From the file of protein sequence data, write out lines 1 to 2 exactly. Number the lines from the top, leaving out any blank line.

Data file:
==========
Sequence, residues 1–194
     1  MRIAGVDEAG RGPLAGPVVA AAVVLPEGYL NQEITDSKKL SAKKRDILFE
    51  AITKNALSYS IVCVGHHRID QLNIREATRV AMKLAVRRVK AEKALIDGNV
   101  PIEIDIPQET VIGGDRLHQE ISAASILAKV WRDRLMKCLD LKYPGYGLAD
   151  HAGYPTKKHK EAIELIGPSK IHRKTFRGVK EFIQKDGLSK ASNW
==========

Sequence, residues 1–194
     1  MRIAGVDEAG RGPLAGPVVA AAVVLPEGYL NQEITDSKKL SAKKRDILFE